A recent visitor, Gary Tempest added the following suggestion:-

As you say damaged beyond repair wavechange switches are a real problem. I got over this once on a mains/battery transistor portable by using some relays. You only need one good switch contact to operate the relay. From this, you can get up to 4-pole changeover. So, with some thought and rewiring you should be able to get the switching you need. In my case I glued the relays close to the wavechange switch and used quite short lengths of wire. Obviously, it was not too good for battery use!
As to relays, RS components do small relays by Omron with 5,12 and 24 V coils.

VHF Operation

VHF transmissions use Frequency Modulation (FM). The carrier frequency has a base value, and this is varied by the audio signal. The amplitude remains constant.

Because of this, the detector circuit is arranged differently. The tuning arrangements are also different to accommodate the much higher frequencies, and the IF is increased to (usually) 10.7MHz.

The circuit (up to the volume control) of the Ekco C273 (also A274 and A277) radio is shown here. This particular circuit was chosen because the set is FM only, so the complications of including the AM bands and the waveband switching are avoided (for now).

V1a is an RF amplifier. Its purpose is to increase the weak signals received by the aerial to a level suitable for the mixer-oscillator. V1a is configured in common grid mode, with the input to the cathode and the output from the anode. This gives a low input impedance, to match the 80R nominal impedance of the aerial. The anode load is tuned by means of variable inductor L3.

V1b is the mixer-oscillator. L4 and C7 set the oscillator frequency. L3 and L4 are variable and form the tuning control. C5 and C6 pass the RF signal to the mixer-oscillator. The anode load of V1b is the primary of the first IF transformer (L6).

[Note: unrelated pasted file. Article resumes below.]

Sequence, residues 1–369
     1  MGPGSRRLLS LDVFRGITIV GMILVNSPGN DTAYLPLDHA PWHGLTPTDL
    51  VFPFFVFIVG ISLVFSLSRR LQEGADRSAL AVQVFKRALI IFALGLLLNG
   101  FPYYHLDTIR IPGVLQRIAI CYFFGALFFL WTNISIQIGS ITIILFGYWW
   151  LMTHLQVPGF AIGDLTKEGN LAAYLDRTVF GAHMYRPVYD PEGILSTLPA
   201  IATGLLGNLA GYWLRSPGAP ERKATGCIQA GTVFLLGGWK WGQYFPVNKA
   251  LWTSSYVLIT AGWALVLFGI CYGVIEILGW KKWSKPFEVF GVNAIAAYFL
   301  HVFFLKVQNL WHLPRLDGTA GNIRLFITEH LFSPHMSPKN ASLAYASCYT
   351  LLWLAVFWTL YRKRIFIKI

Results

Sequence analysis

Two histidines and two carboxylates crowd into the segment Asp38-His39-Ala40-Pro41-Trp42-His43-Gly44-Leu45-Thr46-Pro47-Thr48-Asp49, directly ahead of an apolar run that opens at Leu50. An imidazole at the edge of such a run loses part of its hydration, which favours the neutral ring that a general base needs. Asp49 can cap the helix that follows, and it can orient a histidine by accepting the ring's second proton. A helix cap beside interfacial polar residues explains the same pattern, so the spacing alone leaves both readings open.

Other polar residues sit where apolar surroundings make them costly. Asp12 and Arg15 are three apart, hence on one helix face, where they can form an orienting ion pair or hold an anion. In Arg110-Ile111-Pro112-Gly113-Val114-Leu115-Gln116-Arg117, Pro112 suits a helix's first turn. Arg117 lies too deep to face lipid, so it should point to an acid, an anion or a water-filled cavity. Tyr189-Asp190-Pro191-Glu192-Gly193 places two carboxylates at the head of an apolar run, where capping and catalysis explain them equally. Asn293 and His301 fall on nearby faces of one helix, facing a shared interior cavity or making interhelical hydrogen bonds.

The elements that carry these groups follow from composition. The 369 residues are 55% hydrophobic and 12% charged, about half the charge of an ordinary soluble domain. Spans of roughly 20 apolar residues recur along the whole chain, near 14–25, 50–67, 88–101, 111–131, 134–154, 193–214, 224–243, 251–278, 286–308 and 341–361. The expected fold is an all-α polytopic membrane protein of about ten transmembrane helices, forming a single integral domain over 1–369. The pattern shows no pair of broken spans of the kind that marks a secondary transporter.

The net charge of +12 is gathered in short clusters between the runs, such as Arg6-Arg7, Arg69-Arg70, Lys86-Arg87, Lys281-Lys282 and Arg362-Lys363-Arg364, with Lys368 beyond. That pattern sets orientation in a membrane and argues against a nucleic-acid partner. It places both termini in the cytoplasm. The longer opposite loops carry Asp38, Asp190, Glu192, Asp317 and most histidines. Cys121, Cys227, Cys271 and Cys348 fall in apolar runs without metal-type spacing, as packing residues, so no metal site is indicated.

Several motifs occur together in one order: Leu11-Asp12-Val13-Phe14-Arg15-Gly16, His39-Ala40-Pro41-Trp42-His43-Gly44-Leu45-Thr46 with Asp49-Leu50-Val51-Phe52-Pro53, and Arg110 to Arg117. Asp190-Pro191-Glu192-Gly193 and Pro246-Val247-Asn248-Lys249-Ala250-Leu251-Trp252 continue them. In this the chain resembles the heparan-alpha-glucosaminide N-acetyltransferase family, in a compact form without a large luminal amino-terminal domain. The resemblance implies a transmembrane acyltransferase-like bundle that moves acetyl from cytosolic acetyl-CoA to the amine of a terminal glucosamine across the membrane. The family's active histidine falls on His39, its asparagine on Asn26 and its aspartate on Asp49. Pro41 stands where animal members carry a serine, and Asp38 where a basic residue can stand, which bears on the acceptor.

The IF is almost invariably 10.7MHz, although different values were used on a few earlier VHF sets (particularly those made before VHF broadcasts started). The figure will be given on the service sheet for the set in question.

In some sets, the tuning is adjusted by variable capacitors rather than variable inductors. The VHF tuner section (everything up to and including L6) is normally contained in a separate screened casing. This is sometimes referred to as the FM front-end or FM tuner-head.

IF Amplification

V2 and V3 are the IF amplifiers, which operate in the same manner as that described for AM above. The IF transformers are designed for the higher IF frequency, and are generally tuned to give a slighter flatter response than those used on AM.

On sets having the AM bands in addition to FM, there will be two IF transformers between each stage of IF amplification. The primaries and secondaries of the two transformers will be connected in series, and contacts on the waveband switch are generally used to link out the unused transformer, particularly in the earlier stages. The oscillator section of the AM mixer-oscillator will be disabled, and the mixer section used as the first FM IF amplifier. This is generally followed by one further IF stage before detection, although some sets (in particular many Bush sets) will have two.


The FM detector is more complicated than its AM counterpart. The secondary of the final IF transformer (L11) is centre tapped. The two ends are connected to diodes (V4a and V4b), which point in opposite directions. The operation of the ratio discriminator is fairly complex, and I have attempted to simplify it in the description below. Fortunately, a detailed understanding is not necessary to repair sets!